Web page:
Skill Level: Any Skill Level

Basic familiarity with git, Bluemix, and Kubernetes.

Learn how to deploy a Kubernetes application to Bluemix using a Continuous Delivery pipeline.


Note: Bluemix Continuous Delivery now has native support for Kubernetes deployments! Read all about it in the blog Continuously deliver your app to Kubernetes with Bluemix.


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In this tutorial we will use the Bluemix Continuous Delivery service to deploy the Kubernetes Guestbook example to the Bluemix Container Service.


  1. Install the Bluemix command line utilities

    1. Download and install the latest Bluemix CLI. (Check out the official documentation here.)
    2. Install the Container Service plugin
      bx plugin install container-service -r Bluemix
    3. Verify that you have the plugin installed by running
      bluemix plugin list
  2. Create a cluster


    A Kubernetes pod refers to one or more containers. These pods run on clusters. For this example we will provision a cluster in Bluemix’s free tier.

    1. Log into Bluemix using the command bx login -a https://api.ng.bluemix.net
    2. Run the following command to create your cluster. (For this recipe we chose the name Kate which will be used later on in the recipe when configuring the pipeline.)
      bx cs cluster-create --name Kate
    3. The command will return
    4. Use bx cs clusters to see the defined clusters
    5. Use bx cs workers Kate to see the provisioned workers

    Once the cluster reaches the deployed state you can provision pods, but they will be enqueued until the cluster’s pods are finished provisioning. Note that it takes approximately 15 minutes for the cluster to be fully provisioned and ready to accept the sample pods. 

    Name              ID                                 State      Created                    Workers
    Kate              d20f6c096ce6483ab3f65556d3db41b7   deployed   2017-03-16T17:17:39+0000   1   

    Note this step creates a free cluster with a single worker. Create a Softlayer account if you want to create large, multi-worker clusters.

  3. Explore the sample application

    This tutorial relies on the Kubernetes Guestbook example. We use the all-in-one configuration file to create our pods. The application consists of a Redis master, Redis slave, and frontend pod. The frontend contains the very simple guestbook ui server.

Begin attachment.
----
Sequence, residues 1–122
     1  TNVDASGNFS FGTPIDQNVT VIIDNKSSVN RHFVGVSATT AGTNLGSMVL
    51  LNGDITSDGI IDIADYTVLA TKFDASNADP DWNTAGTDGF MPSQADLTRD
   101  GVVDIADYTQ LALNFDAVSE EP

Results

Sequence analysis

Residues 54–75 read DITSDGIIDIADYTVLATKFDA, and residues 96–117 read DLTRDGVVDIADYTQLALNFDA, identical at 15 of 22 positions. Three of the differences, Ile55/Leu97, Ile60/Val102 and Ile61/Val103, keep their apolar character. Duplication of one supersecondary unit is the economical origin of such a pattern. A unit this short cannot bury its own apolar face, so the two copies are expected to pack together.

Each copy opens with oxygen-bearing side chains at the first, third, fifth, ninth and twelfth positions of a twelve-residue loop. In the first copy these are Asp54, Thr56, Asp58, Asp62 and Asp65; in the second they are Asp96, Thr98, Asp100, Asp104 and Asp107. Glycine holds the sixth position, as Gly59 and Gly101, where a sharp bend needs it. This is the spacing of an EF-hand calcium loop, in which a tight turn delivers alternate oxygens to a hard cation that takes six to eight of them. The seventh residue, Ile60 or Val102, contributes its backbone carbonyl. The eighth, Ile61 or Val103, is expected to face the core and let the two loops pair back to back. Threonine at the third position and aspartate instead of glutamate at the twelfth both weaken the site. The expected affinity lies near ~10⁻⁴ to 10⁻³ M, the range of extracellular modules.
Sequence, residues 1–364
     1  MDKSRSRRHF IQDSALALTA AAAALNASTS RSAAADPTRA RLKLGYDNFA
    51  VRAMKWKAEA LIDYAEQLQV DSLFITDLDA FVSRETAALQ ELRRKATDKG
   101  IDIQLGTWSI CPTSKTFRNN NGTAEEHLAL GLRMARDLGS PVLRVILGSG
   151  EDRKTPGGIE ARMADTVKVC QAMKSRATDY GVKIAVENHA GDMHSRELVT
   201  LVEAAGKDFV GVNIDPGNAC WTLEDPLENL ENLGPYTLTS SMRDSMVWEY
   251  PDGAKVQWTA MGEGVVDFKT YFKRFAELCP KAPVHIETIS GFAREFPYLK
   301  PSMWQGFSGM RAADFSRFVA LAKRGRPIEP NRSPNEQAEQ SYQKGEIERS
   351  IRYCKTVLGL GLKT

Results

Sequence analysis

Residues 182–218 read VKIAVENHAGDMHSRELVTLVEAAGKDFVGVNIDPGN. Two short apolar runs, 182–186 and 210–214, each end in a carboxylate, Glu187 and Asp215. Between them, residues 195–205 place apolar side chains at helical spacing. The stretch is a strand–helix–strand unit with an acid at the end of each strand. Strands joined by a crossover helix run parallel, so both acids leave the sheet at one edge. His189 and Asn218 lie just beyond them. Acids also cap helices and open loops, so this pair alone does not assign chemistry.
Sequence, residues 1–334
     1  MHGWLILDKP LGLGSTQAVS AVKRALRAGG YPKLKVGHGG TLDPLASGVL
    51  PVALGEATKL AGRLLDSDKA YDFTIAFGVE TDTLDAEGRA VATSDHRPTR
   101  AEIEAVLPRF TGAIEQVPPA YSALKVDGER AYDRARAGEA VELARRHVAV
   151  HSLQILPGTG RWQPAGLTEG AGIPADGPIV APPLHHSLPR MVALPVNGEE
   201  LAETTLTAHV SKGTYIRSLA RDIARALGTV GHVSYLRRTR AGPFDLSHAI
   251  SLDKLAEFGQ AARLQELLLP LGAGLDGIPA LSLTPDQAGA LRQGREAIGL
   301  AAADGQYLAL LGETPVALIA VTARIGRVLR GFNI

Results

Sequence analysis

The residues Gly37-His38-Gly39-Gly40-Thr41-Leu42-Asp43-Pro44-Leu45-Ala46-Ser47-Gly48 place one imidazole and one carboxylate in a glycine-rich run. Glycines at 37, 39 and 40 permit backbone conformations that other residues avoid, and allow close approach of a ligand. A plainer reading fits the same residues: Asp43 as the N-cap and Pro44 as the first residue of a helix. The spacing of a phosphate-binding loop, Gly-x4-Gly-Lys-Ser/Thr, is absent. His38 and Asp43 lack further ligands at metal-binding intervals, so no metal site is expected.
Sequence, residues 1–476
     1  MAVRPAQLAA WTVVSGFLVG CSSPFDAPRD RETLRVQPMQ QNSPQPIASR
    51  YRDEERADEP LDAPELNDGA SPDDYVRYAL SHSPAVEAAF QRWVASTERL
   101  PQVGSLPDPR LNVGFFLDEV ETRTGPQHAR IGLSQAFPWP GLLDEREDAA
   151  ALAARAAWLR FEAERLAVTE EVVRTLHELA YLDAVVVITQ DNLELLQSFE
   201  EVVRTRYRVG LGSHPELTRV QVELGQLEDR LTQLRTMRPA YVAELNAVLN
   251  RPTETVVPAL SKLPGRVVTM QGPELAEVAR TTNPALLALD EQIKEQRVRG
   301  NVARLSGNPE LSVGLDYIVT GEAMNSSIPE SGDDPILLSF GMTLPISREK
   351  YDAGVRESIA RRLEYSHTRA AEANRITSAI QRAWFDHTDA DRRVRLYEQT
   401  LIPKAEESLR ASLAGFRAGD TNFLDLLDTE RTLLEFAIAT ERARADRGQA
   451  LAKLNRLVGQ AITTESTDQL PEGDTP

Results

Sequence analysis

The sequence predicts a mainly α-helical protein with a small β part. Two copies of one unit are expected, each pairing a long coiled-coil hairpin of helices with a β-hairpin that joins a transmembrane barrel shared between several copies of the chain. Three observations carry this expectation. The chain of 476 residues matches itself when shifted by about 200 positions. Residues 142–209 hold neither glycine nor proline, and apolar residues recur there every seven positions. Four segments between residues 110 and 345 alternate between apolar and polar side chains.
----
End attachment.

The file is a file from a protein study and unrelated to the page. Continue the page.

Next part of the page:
4. Create the toolchain

    1. Click the Create toolchain button in the sample repository readme to fork the repo into your GitHub account.


    2. Once the repository is forked, you will be taken to the Bluemix Continuous Delivery toolchain setup. This toolchain has been defined by the template in the sample repository.


    3. If you have not authenticated to GitHub you will see an Authorize button.


    4. Click the Create button. This will generate a toolchain that looks like the following:


  5. Configure the pipeline environment properties

    1. Select the Delivery Pipeline tile from the toolchain view to open the pipeline stages view.


    2. The pipeline executes immediately after being created. The Deploy stage will fail on the first run. The stages view will look like this once the build completes.


    3. Click on the gear at the top right corner of the Deploy stage to select Configure Stage.
    4. Set the following environment properties
      • BLUEMIX_USER – your Bluemix user ID.
      • BLUEMIX_PASSWORD – your Bluemix password.
      • BLUEMIX_ACCOUNT – The GUID of the Bluemix account where you created the cluster. Retrieve it with bx iam accounts.
      • CLUSTER_NAME – Defaults to Kate. Update if your cluster name is different.


    5. Run the Deploy stage using the Run Stage button at the top righthand side of the stage’s card. This time the Deploy stage will succeed and the Guestbook sample will be deployed.
  6. Access the Guestbook application

    1.  View logs and history of the Deploy stage to find the URL of the Guestbook application.


    2. Click the Guestbook link to load the application in your browser. Note it takes a few seconds from the time the pods deploy until they are ready to serve requests.


    3. Post some greetings to your host.


  7. Closing thoughts…

    The Bluemix Continuous Delivery service provides a flexible platform to deploy services to a variety of environments. The new Bluemix Container Service provides the scalable Kubernetes environment your business demands. Paired together these scalable, flexible services allow you to focus on your business instead of your infrastructure.


    Jesse Antoszyk is a Software Engineer with IBM Cloud.

    Adam King is a Senior Software Engineer with IBM Cloud.

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